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Friday, July 17, 2009
Wali Leo (Rice Day)
What the title basically means is that today was a good day. I have developed this term after chatting with Alex, another chimpanzee researcher from Ugala. He explained that eating ugali (a cornmeal dish) makes rice taste better. Although I still need to try ugali, I could relate to that because the tough days in the forest definitely make me appreciate the better days.
The day before I spent about 13 hours in the forest but only collected about two hours of behavioral observations. That is a good example of an ugali day. We covered a great distance and came near the border of the neighboring community of chimpanzees. Along the way, we saw a Tanzanian walking back into the park after visiting a nearby village. He was wearing a black and white striped shirt (similar to a referee), so I made the clever observation to Lisa, another researcher at Gombe, that he would likely call a penalty on us for “traveling.”
The “wali leo” is because today I observed Bahati (mom) and Baroza (4-year-old son), and as soon as we found them at 10, they were kind enough to deposit “samples” to collect. We use the fecal samples to extract hormones, such as cortisol, to examine levels of stress. Then, unlike the previous day, the group today did not travel too much or too fast, so I was able to collect six hours of behavioral observations.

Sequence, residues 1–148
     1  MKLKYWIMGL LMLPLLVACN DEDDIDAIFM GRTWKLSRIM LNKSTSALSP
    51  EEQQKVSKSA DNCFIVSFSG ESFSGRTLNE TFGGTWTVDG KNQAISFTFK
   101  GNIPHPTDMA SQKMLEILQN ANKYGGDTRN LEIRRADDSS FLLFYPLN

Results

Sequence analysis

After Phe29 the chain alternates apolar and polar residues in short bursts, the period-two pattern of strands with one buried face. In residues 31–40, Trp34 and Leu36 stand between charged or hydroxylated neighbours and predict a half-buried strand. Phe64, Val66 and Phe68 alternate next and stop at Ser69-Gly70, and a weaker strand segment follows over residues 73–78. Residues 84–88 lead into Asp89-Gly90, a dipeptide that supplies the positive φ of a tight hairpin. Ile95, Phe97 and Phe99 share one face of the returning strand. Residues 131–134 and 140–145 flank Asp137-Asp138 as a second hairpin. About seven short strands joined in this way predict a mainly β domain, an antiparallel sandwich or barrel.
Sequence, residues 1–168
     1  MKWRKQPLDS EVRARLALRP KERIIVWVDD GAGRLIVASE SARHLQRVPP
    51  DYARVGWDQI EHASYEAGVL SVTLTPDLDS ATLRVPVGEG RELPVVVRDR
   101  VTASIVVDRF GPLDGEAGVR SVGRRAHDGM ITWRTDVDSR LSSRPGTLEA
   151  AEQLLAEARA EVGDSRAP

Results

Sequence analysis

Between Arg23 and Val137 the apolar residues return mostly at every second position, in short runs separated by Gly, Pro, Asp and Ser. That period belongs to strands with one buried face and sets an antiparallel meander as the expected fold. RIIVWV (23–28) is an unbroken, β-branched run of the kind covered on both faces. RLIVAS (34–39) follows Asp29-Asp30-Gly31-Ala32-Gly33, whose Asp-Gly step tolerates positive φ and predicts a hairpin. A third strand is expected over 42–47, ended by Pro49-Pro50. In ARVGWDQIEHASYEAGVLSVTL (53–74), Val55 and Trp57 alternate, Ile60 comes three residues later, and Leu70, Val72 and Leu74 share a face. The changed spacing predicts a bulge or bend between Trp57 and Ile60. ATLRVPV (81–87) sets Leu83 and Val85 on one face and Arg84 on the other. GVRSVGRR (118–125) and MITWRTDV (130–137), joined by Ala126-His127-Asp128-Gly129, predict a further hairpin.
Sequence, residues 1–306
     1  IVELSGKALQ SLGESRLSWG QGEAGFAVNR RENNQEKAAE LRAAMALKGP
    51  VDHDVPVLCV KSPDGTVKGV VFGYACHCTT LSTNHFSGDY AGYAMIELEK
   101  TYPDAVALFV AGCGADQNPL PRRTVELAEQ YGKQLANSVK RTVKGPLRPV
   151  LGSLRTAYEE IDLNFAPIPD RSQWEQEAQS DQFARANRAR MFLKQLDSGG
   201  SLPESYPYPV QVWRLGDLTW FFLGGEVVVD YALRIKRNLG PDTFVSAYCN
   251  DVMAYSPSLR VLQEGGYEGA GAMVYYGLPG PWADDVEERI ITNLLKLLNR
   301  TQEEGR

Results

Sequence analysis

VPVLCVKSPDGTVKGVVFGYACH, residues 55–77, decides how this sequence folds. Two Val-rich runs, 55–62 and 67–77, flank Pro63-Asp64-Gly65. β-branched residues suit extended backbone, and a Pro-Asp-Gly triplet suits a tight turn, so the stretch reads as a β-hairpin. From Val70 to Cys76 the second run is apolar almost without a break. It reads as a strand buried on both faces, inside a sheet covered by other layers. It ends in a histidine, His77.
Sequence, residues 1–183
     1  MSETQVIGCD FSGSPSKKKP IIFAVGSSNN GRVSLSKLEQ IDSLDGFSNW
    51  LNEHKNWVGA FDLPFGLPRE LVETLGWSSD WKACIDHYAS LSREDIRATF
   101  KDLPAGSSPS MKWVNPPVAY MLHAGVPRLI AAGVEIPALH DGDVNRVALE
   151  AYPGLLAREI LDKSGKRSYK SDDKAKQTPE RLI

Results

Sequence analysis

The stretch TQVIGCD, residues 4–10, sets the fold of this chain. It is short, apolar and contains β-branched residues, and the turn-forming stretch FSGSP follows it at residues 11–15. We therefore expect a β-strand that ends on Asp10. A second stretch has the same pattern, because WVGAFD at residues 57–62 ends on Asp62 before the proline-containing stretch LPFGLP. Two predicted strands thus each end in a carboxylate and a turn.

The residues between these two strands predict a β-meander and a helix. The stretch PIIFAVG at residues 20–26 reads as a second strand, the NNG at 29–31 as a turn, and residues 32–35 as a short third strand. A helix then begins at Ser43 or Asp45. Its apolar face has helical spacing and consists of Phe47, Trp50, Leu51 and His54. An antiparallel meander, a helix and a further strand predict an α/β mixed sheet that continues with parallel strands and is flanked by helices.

During that time, Baroza played so much that I had to change the battery on my video camera. He played with chimpanzees of all sizes, including numerous adults such as Titan and Pax. What was interesting to me as well is that Baroza seemed to really enjoy playing with Gimli (5-year-old male). Their favorite “game” seemed to be a game of keep-away. One individual would grab a stick and the other individual would chase him to try and get it. It was very entertaining to watch, and I am sure that the videotape will be equally challenging to score to examine any potential benefits from playing.
The day ended on a positive note because we watched Bahati and Baroza nest, which cuts down on searching time, as I know right where to find them tomorrow. Of course, if I’m comparing it to the food I am eating out here, the ultimate day would be a chapthi day!
Gombe Field Diaries
Lincoln Park Zoo is partnering with the Jane Goodall Institute to study and conserve chimpanzees in Tanzania’s Gombe National Park, the site of Jane Goodall’s groundbreaking research. Our Gombe field diaries feature updates as scientists monitor chimpanzee health, study ape behavior and experience life in Gombe.
As director of the Lester E. Fisher Center for the Study and Conservation of Apes, Lonsdorf leads Lincoln Park Zoo efforts in Gombe National Park.
Rachel Santymire, Ph.D.
An endocrinologist in the Davee Center for Epidemiology and Endocrinology, Santymire studies stress and reproduction in Gombe's chipmanzees.
A graduate student in the Committee on Evolutionary Biology at the University of Chicago, Matt is studying how levels of play in Gombe¹s chimpanzees influence stress, development and reproductive success.
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